French Teachers Protest Additional Half-Day of Class
Baku, February 14 (AZERTAC). Following the introduction of Francois Hollande’s plan to reform the French education system last month, elementary school teachers across France went on strike Tuesday February 12 to protest the additional half-day of school that the reform would implement, making a 4 day-week system a 4.5-day system. This is the third time in the last month that teachers have protested the reform. Tuesday, elementary schools across the country were closed as a result. In Paris, the majority of the region’s schools shut their doors as Parisian teachers joined the strike against this plan, proposed by the Education Minister, Vincent Peillon. In conflicting reports, Peillon claimed that 36.17% of teachers were on strike while teachers’ unions claimed 60%.
This is Hollande’s first major education reform of his tenure, and though to Americans this change sounds minimal, the reform would upend the traditional French school week. By holding morning classes on Wednesdays, this proposal, if enacted as planned in September 2013, would end a long-running tradition of a mid-week break from school for French students ages 3 to 11.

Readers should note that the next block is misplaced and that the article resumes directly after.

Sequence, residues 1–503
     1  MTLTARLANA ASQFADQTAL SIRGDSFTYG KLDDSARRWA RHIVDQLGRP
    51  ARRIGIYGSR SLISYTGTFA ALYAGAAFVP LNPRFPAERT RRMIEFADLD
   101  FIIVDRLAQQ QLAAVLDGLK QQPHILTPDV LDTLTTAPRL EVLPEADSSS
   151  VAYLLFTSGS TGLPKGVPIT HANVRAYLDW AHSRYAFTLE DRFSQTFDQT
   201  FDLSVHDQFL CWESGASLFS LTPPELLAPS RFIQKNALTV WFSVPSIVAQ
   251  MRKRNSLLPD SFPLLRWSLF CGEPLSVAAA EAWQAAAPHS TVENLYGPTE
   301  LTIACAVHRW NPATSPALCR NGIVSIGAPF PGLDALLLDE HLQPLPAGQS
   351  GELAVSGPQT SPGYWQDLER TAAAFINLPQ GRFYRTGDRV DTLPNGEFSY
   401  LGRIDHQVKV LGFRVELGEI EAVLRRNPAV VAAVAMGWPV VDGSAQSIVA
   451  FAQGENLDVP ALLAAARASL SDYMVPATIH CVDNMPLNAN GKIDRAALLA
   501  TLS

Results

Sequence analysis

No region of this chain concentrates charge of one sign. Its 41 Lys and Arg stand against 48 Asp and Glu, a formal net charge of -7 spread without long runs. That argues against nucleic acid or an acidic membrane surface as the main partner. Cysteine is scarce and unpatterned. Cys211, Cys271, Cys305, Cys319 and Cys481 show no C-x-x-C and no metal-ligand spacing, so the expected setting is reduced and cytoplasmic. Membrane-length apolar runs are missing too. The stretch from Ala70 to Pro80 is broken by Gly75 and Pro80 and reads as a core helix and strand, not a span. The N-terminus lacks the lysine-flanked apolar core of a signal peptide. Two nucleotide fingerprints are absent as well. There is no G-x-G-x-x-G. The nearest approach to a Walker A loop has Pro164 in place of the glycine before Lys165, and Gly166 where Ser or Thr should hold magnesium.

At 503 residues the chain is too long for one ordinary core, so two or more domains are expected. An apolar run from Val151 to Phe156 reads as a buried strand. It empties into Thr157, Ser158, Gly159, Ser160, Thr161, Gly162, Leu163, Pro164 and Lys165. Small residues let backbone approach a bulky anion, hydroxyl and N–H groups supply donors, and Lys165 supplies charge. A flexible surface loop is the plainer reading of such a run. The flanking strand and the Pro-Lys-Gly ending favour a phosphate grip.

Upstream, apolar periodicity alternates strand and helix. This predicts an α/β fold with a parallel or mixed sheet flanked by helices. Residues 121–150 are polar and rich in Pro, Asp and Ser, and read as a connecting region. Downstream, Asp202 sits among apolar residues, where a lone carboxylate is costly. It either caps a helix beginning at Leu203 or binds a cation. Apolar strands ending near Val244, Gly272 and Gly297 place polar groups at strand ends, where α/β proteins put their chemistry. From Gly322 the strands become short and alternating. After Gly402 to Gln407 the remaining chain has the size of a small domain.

In defending the reform, Peillon argued that it would be beneficial to both students and teachers: by shortening the school day and adding the additional class-time on Wednesdays, students would benefit from extra-curricular activities at school, now possible with the extra half-day, while teachers’ overall workload would be lightened thanks to the shorter school-day. Teachers, however, did not agree, citing their already overloaded workload and claiming that such a reform would not only prove ineffective, but would worsen an already difficult job.
Hollande’s government was surprised by the fierce disapproval this proposal met as the teachers’ unions across France had been major supporters of Hollande and the Parti Socialiste (PS) in the presidential elections, mainly due to the party’s promise to overhaul France’s education system. However, many teachers expressed their disbelief and disappointment at what they see is a hasty, inadequate response to the problem.
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